Nobody has a veto on who should or should not live in their neighbourhood in Ireland, Minister for Children Roderic O’Gorman has insisted.
Responding to reports of a growing number of local protests against asylum seekers and refugees from Ukraine being housed within their neighbourhoods, Mr O’Gorman said it was important to share accommodation information with communities but argued the emergency nature of the situation did not always allow that to happen.
In his strongest defence of his department’s response to find emergency accommodation during 2022 for almost 60,000 people – between Ukrainian refugees and people from other countries seeking international protection – Mr O’Gorman said the Government had a fundamental responsibility to act urgently in this matter.
“There is a need to provide information where we are opening additional accommodation, “ he said. “I think it is important to say that we have a moral and legal obligation to prove shelter for those fleeing a wartime situation.
“The alternative option is to leave people without homes. We do have to act quickly because of this crisis, because of this wartime situation.”
He said his department would move to improve its capacity to share information with communities but he added: “I think it is also important to say that in Ireland nobody has a veto at in terms of who lives within their neighbourhood or within their community.”
Mr O’Gorman was speaking, along with Minister for Housing Darragh O’Brien, at the unveiling of a new scheme to encourage those with vacant properties – particularly holiday homes – to offer them to Ukrainian refugees for six months.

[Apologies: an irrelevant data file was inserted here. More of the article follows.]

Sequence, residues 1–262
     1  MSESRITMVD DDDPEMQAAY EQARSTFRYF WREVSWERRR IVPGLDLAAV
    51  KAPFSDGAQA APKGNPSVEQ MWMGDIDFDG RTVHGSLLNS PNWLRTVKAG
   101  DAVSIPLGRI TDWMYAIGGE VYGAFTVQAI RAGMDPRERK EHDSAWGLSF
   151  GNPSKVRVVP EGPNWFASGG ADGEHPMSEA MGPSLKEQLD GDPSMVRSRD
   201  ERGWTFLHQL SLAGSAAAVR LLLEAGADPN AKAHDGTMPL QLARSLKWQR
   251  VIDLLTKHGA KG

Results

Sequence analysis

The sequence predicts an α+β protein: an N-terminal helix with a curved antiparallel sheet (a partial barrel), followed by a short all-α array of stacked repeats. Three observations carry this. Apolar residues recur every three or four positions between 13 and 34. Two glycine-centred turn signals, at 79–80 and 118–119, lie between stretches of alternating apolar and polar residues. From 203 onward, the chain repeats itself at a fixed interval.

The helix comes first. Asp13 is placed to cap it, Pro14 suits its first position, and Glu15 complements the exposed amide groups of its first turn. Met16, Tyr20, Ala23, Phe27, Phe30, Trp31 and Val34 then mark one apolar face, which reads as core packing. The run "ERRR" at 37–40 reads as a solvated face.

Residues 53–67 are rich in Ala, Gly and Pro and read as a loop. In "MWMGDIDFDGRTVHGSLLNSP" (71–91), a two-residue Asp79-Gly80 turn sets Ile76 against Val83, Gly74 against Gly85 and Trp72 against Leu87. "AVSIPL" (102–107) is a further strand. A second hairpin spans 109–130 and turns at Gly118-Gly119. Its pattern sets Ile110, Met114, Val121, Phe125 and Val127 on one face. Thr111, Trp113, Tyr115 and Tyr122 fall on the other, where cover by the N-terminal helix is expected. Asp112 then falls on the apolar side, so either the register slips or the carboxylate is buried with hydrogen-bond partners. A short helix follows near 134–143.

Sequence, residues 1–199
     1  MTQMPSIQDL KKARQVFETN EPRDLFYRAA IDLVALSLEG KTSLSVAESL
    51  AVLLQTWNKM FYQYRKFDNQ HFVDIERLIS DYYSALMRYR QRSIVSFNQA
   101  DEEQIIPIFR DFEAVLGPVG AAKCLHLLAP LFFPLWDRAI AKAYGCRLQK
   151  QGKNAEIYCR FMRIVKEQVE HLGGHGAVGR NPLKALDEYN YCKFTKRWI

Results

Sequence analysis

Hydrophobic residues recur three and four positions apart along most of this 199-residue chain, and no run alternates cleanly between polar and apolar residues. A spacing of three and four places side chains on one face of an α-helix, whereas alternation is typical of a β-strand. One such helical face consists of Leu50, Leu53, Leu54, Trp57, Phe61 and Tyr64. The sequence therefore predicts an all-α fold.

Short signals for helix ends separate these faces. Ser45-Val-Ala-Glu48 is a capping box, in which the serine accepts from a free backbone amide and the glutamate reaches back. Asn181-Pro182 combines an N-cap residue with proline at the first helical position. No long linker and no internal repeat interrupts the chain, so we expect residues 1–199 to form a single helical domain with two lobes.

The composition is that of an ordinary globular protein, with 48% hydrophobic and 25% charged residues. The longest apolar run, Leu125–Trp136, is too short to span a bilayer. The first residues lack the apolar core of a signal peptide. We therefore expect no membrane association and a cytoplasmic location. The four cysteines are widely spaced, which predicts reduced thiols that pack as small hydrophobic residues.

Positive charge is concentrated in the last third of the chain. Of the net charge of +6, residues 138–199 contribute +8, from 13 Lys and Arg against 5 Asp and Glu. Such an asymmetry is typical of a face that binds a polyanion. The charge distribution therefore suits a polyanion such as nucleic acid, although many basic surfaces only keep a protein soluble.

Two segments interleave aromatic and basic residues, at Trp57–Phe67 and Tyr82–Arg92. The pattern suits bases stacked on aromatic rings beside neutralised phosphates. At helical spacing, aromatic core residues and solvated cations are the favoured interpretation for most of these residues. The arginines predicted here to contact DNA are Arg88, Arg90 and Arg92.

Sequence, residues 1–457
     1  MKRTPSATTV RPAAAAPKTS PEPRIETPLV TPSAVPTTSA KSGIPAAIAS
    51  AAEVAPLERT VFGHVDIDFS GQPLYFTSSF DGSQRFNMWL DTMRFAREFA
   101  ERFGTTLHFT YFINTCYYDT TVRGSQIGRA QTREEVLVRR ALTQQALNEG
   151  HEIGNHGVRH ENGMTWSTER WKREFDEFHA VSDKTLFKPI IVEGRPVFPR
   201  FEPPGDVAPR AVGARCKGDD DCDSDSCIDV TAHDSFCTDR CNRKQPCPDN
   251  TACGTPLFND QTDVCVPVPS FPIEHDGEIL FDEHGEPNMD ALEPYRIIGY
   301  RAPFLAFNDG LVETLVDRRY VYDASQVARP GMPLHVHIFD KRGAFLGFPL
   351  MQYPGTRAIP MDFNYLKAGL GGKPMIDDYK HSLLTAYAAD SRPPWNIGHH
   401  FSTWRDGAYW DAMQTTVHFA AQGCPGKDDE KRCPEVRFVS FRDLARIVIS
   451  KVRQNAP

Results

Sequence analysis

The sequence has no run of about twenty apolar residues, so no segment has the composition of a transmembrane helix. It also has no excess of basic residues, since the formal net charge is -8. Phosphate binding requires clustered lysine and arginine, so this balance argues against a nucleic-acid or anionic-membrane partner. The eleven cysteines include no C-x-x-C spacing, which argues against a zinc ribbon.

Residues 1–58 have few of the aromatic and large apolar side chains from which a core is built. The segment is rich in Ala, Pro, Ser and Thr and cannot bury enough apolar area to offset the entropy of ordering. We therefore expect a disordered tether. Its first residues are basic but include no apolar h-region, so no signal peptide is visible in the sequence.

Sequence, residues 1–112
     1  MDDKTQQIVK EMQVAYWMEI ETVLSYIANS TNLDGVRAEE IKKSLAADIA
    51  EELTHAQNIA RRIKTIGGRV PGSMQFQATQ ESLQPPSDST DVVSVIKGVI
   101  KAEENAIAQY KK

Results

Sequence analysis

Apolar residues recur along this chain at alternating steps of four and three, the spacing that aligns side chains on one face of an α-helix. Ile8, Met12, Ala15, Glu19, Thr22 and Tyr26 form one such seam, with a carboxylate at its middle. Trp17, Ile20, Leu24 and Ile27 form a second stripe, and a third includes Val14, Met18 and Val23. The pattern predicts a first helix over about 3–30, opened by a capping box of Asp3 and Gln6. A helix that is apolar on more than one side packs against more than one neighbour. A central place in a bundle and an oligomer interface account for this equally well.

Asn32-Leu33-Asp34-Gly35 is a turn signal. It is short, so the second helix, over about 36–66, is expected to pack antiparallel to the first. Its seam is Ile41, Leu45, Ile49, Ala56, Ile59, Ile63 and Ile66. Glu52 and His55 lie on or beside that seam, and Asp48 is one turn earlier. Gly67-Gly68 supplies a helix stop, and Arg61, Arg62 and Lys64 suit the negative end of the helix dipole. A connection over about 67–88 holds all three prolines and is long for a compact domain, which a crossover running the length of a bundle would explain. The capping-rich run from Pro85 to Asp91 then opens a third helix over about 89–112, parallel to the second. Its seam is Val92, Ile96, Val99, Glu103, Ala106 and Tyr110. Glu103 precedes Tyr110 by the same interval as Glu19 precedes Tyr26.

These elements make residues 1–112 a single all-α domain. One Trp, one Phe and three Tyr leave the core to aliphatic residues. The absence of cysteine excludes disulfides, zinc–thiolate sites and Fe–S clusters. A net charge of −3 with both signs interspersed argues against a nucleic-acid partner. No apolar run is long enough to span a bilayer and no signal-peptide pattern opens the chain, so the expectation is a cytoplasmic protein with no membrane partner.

The new scheme will be State led and will be separate to the one operated by the Irish Red Cross. A new dedicated website, offerahome.ie, has been set up, and the monthly contribution from the State is being increased from €400 a month to €800 a month.
The scheme will be administered by local authorities – Mr O’Brien said they were the best placed to do so as they had “experience on the ground”.
Asked if other repurposed office buildings would be used to accommodate refugees, as happened in East Wall, Mr O’Gorman said: “In a situation where we are accommodating 60,000 people we will be making further use of office buildings around the country. Use of these buildings will be a significant part of the response.”
Mr O’Gorman said a new division had been set up within his department to deal specifically with the Ukrainian refugee crisis and there were now 150 staff working there. He said an additional 50 staff would be deployed to that division shortly.